Can the Events at Two Broadway Shows Explain the Election?

Mike Pence, the Vice President-elect, told his daughter something special at a recent production of the hit musical Hamilton. Breaking the treasured illusion of theater after the performance, the cast of Hamilton admonished Pence from the stage. This brought a collection of boos and catcalls from the audience meant to disparage Pence. It was at this point Pence turned to his daughter and said, “That is what freedom sounds like.” It was an impressive display of tact by Pence in the face of a rather petulant display.


Since the event, Broadway has clamored for attention again in politics. In January, the defeated Hillary Clinton attended the final Broadway performance of The Color Purple. Clinton was deferentially acknowledge by the cast with a collection of flattering comments, and people routinely interrupted the evening to provide Clinton with standing ovations. It was a radical change from the way Broadway treated Pence.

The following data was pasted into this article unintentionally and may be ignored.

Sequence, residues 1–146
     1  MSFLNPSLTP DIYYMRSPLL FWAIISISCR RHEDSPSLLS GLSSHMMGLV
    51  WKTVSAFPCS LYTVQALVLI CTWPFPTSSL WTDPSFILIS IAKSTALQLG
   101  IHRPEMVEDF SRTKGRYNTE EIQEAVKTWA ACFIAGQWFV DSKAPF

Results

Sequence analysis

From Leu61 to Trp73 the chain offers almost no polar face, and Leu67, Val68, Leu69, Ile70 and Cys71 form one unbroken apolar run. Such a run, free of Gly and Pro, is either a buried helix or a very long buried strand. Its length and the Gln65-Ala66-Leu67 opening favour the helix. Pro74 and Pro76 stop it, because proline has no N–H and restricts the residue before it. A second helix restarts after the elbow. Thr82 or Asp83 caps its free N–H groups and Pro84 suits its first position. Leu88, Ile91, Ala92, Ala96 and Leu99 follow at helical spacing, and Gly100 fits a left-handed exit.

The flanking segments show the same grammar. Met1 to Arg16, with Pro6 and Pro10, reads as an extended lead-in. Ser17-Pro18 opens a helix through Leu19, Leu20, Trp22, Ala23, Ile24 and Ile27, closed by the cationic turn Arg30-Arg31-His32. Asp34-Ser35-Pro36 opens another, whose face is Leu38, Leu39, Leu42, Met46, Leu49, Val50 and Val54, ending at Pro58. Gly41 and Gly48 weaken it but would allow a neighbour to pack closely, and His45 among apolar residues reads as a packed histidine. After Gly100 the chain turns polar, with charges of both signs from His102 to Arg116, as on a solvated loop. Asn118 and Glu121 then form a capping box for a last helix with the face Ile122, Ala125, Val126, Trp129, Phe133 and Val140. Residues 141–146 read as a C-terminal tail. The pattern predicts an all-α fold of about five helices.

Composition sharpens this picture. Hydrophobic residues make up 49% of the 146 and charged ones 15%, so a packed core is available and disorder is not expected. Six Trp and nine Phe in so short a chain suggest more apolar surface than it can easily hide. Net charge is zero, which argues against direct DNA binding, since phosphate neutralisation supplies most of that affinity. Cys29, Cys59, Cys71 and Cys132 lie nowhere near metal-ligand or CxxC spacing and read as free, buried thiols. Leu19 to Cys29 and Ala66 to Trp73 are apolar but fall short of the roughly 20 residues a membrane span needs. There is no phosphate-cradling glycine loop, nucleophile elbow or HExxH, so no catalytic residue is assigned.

It’s interesting to note the comparisons between the experiences of Pence and Clinton on Broadway. Indisputably, Broadway is liberal territory. It’s not a surprise the people who work there and many of the patrons of Broadway support Clinton. However, while Pence and other conservatives take the time to visit liberal territory to catch a show at the risk of being harassed, liberals rarely take the chance to show up at an event where they could be exposed to a similar experience. For example, if Hillary Clinton showed up at a gun show, she would undoubtedly be booed. This is one reason why she doesn’t go to those events. However, a conservative like Pence is willing to visit places where he can be challenged.


Many experts concluded Democrats lost the election because they were unwilling to connect with Americans who disagreed with them. Perhaps these two Broadway experiences provide evidence for that.